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With: Larry Brinkin, Dusty Dawn, Anton Dunnigan, John Flowers, Goldie Glitters, Ann Harris, Fayette Hauser, Jilala, Michael Kalmen, Richard Koldewyn, Sylvia Miles, Peter Mintun, Milton Miron, Rumi Missabu, Marshall Olds, Maureen Orth, Kreemah Ritz, John Rothermel, Pamela Tent-Carpenter, John Waters, Errol Wetson, Holly Woodlawn
Written by: n/a
Directed by: Bill Weber, David Weissman
MPAA Rating: R for nudity, sexual content, drug references and some language
Running Time: 100
Date: 01/16/2002

The Cockettes (2002)

3 1/2 Stars (out of 4)


By Jeffrey M. Anderson

They're a colorful part of San Francisco history, and most people know nothing about them. The Cockettes grew from the fertile flowerbed of the Haight-Ashbury hippie scene in 1969, and kept the hippie era alive for a few moments after it was ready to die. Local filmmakers Bill Weber and David Weissman have patched together a beautiful, vibrant documentary tracing the history of this musical theater group, and in the process, they illustrate just how revolutionary the group was. The film opens today and has a three-week run at the Castro Theatre.

The Cockettes began when a charismatic fellow who called himself Hibiscus gathered a disparate group of hippies in a Haight Street commune. Sharing a love for musicals, dance and theater, they arranged to be the opening act for program of underground midnight movies at North Beach's now-defunct Palace Theater. Doing nothing more than dressing up in wild costumes and makeup and dancing and singing along to a couple of records, they brought the house down and became a bona-fide phenomenon. Over the next several years, their performances escalated into "shows" with titles like "Pearls Over Shanghai."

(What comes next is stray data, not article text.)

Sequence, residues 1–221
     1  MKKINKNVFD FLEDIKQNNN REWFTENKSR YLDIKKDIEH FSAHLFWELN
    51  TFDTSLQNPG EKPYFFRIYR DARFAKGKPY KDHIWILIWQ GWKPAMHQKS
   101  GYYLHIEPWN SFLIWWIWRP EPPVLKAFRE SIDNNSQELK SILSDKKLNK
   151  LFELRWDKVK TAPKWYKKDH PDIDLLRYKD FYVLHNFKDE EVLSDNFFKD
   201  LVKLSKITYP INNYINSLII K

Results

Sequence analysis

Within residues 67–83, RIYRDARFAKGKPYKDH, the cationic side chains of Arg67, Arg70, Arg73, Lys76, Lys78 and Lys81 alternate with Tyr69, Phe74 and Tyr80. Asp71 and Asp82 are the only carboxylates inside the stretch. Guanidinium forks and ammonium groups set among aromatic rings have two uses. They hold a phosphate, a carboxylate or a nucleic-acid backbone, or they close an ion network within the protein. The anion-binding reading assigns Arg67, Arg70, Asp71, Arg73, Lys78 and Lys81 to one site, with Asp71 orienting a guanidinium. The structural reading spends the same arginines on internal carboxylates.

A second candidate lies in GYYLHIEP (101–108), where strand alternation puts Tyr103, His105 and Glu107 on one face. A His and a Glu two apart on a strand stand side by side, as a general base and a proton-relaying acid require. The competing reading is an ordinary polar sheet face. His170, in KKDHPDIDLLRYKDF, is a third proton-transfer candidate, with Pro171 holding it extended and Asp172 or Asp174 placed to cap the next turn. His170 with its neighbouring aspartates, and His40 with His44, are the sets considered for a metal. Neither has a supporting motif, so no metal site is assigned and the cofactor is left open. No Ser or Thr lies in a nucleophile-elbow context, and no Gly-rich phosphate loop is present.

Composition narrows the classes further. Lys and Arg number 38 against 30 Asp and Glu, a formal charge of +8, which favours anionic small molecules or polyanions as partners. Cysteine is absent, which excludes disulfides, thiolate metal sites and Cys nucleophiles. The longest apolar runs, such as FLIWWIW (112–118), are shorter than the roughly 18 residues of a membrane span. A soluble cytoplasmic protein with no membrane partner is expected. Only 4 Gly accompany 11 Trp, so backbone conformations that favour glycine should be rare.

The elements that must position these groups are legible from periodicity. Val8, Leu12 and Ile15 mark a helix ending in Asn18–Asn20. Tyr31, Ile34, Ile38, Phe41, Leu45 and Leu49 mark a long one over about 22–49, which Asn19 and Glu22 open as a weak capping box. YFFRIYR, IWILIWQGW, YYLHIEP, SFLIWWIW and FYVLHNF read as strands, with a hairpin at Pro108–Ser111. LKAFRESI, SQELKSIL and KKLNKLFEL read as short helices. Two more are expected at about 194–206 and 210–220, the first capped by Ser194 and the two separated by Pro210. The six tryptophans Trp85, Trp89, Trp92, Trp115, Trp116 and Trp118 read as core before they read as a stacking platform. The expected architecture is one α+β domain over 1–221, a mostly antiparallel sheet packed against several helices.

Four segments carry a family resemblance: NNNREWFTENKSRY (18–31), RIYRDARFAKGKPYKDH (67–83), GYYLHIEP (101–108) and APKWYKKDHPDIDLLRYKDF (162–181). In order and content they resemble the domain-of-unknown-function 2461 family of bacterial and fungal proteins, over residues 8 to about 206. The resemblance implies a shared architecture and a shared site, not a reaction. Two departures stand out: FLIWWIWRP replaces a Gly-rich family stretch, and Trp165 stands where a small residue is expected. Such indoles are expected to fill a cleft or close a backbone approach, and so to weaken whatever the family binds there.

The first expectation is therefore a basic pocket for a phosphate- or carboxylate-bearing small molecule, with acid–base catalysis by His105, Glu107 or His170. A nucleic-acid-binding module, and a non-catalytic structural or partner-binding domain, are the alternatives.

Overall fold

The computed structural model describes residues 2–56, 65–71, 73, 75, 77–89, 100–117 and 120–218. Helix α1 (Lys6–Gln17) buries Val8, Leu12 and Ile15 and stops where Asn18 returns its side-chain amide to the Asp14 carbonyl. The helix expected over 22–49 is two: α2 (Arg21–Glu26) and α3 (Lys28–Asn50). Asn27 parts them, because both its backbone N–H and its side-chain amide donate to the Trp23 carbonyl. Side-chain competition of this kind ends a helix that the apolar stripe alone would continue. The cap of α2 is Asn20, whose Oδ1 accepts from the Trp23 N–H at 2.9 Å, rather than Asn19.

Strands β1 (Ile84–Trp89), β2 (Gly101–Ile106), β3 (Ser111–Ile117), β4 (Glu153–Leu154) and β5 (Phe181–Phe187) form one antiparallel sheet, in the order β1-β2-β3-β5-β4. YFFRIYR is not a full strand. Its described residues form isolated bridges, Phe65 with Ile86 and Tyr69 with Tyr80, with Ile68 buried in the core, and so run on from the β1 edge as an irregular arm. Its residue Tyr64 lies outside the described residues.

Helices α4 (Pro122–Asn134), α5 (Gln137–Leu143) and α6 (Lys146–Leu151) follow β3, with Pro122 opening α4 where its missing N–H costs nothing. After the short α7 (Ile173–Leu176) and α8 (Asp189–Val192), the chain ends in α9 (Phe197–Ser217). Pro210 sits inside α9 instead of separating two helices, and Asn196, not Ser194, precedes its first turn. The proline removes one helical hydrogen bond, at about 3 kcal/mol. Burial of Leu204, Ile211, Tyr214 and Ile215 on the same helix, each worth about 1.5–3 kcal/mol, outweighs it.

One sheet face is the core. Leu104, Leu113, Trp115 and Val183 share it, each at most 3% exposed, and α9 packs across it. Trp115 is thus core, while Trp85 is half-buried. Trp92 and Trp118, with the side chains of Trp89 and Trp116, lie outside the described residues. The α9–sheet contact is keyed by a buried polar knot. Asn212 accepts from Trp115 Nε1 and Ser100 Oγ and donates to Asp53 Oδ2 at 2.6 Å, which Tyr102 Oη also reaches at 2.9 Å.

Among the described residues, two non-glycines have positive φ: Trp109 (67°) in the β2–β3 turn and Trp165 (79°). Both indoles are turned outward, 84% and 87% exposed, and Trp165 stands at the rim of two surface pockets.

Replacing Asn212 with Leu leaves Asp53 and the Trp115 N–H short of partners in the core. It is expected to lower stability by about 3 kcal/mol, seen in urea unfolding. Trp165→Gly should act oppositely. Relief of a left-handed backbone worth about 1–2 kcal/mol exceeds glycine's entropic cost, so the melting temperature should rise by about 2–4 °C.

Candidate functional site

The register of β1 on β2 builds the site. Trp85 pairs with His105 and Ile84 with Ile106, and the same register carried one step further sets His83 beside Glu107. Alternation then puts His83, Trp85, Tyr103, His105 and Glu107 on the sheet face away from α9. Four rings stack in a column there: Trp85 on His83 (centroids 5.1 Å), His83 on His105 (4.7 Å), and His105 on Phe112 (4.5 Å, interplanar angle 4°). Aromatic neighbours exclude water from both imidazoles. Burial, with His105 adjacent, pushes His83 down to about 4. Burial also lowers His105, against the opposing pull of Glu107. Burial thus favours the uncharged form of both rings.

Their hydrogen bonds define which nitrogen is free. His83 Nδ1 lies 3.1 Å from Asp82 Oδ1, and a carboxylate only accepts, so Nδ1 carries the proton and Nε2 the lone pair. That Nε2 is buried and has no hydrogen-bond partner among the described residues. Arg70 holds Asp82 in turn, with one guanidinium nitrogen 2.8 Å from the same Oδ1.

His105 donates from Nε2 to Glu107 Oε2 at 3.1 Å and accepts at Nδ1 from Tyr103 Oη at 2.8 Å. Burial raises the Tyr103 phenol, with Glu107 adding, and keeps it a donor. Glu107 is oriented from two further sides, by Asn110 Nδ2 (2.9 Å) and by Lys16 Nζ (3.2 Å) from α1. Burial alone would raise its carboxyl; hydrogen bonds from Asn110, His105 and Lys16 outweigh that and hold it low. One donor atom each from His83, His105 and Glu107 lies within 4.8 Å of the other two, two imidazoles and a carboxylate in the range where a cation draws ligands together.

Director John Waters (Pink Flamingos, Cecil B. DeMented), who was a fan of the midnight film programs, often saw The Cockettes. In this documentary, he cheerfully calls them "hippie acid freak drag queens." One of the most miraculous characteristics of the group was its immersion in, and acceptance of, human sexuality. Men, women, gays, straights and transsexuals jumped into the soup together, sleeping with each other and celebrating sexuality as a unified thing instead of in categories. As The Cockettes' fame spread, the group was invited to perform on Broadway. The movie tells this story in a compelling way by allowing it to unfold as if it were happening in the present, savoring the details and saving the payoff for the end.

Weber and Weissman' collect an astonishing amount of photographs and old films of the group in its heyday, and they interview the surviving members as they are today. Sadly, many are not in good health, and some are HIV-positive. Since the film's completion, both Anton "Reggie" Dunnigan and Dusty Dawn have died. Hibiscus, on the other hand, passed away years ago, and his presence hovers over the film like a ghost. We rarely, if ever, hear him speak. His friends talk about him lovingly, but in different ways, as if no one ever really knew him. There's even an interview with his mother, who performed with him a few times. But even she cannot offer a solution to the Hibiscus enigma -- nor would we want her to.

The film's strength is that it celebrates the contradiction between memory and real history. It doesn't provide a lot of hard-core facts, like a strictly journalistic work would offer. Instead, it leaves certain details purposely -- tantalizingly -- misty. The Cockettes is not a film for the faint of heart or conservative of spirit, but for the rest of us -- especially San Francisco lovers -- it's a spirited film and a must-see.

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